Oftentimes sellers, bankers, creditors, realtors, appraisers, buyers and inquisitive neighbors like to test auctioneers’ skills; they try and see if the auctioneer can predict the ultimate selling price well before the bid-off begins. How do they manage that? How do they estimate value prior to the sale? Well, a true auction professional capitalizes on all the resources they have to estimate or predict value. Data is knowledge and data is more prevalent than ever. Auction professionals utilize a handful of tools that, combined with strong experience, make up a true professional estimate of value.
Current county appraisal/assessment
Although far from an accurate appraisal amount, most counties have been tracking sales data for decades. This data can identify neighborhoods trending up and down in value equating to greater accuracy than decades ago.
MLS sales data
Many auctioneers are subscribing members of their local Realtor association and typically their local multiple listing service. The MLS is a compilation of regional sales data that evolves real time with the marketplace, providing the most relevant data relative to market value.
Past sold auction data
2020’s global pandemic has only heightened the demand of online only auctions. Auctioneers today understand the value of past sold data greater than ever. Many auctioneers own data or subscribe to database systems, which include bidder demographics, contact information and sold prices. An auctioneer can walk into a client’s home and lay out the past 25 properties auctioned in that zip code.
Current or past appraisal
Occasionally, a seller may have engaged a licensed appraiser to provide an estimate of value. Although numbers can be high and low, it can still be a tool or resource to contribute to a professional’s analysis.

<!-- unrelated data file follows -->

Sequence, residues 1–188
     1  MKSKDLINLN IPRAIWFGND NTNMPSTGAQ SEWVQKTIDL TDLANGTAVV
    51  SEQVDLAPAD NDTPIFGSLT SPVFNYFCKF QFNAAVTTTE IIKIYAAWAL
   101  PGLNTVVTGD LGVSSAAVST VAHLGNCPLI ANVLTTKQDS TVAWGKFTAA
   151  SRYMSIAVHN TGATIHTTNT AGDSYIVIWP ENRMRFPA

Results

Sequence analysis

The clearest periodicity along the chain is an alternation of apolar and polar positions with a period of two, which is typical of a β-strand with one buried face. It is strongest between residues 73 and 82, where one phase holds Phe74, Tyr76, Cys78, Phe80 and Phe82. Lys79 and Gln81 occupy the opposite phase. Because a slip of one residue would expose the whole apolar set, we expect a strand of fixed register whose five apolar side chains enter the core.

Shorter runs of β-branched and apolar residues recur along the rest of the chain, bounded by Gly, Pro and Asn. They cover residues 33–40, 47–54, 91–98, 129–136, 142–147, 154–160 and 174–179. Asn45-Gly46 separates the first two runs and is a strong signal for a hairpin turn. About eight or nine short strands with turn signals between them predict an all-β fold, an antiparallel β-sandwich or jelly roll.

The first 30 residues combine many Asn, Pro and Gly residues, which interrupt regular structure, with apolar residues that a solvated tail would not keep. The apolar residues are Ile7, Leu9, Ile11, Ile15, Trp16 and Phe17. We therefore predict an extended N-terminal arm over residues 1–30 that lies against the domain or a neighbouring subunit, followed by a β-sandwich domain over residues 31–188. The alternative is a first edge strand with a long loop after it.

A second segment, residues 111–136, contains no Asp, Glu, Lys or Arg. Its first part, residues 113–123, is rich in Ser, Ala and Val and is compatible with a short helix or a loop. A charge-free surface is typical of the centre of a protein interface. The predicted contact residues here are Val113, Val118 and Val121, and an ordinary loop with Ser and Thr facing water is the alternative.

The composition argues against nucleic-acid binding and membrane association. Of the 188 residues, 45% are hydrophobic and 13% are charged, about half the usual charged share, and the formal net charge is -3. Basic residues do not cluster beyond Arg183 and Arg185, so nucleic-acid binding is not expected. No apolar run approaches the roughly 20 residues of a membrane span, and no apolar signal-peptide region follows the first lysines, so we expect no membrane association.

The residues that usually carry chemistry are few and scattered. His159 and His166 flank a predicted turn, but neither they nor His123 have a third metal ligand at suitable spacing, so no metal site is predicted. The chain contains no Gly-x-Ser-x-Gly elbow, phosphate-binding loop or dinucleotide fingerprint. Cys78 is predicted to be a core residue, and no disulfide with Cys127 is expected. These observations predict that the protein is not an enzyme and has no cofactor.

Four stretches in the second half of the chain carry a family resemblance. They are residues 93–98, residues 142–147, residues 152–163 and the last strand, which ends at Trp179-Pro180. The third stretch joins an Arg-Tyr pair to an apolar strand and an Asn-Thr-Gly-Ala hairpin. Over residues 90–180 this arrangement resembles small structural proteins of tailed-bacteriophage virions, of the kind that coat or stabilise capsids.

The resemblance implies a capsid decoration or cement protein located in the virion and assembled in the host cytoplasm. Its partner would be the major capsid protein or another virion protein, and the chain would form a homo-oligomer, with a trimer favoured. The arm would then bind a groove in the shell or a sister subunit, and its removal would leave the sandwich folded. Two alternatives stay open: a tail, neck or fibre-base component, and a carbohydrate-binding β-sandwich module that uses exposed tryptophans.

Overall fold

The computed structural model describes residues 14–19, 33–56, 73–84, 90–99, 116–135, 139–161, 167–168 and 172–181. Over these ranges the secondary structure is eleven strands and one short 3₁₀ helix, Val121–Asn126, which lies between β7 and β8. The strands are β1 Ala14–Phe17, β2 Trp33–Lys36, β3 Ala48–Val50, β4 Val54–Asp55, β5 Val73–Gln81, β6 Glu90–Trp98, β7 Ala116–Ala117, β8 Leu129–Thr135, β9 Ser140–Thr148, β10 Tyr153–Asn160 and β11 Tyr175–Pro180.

So how does an auctioneer value your house? Data. And the experience of a professional. While the auction method of marketing a house for sale is different than what some sellers are used to, it is a fast, fun and transparent way to get true market value for your home!
Four Ways to Tell if an Auction is Legitimate
Maybe you’ve seen an auction advertised in your town or online. Maybe you’ve thought that might be a good place to find exactly what you’re looking for. You’re right, but how do you ensure these auctions will result in a fun and exciting buying experience?
In order to determine if an auction is legitimate or “steer clear,” there are four simple things to look for when you find an auction advertisement.
Look for the NAA logo. Members of the National Auctioneers Association agree to follow a rigorous code of ethics and follow the highest standards of practice when conducting real estate, equipment, automobile, personal property, and other auctions. Many auctioneers and auction companies are also members of their state auctioneers associations, as well as other relevant professional associations. All these memberships give you confidence in the auctioneer and his or her auctions. If you don’t see a logo, ask if the auctioneer is a member.
Look for complete, detailed terms and conditions. Ethical, well-managed auction companies clearly list the terms and conditions and welcome your questions prior to bidding.
Look for other auctions by that company in the past or upcoming. While not true for every auctioneer and auction firm, most successful auctioneers can point to a past list of auctions and look forward to upcoming auctions and events.
Check online reviews of the company on Google and Facebook. If a company has little to no reviews, or a series of bad reviews, be cautious. All companies will have a few bad reviews and good companies will often respond or reply to those reviews in a public posting. If you find a company with perfect reviews and no disappointed customers, also be cautious—as it is nearly impossible to perfectly satisfy every single customer.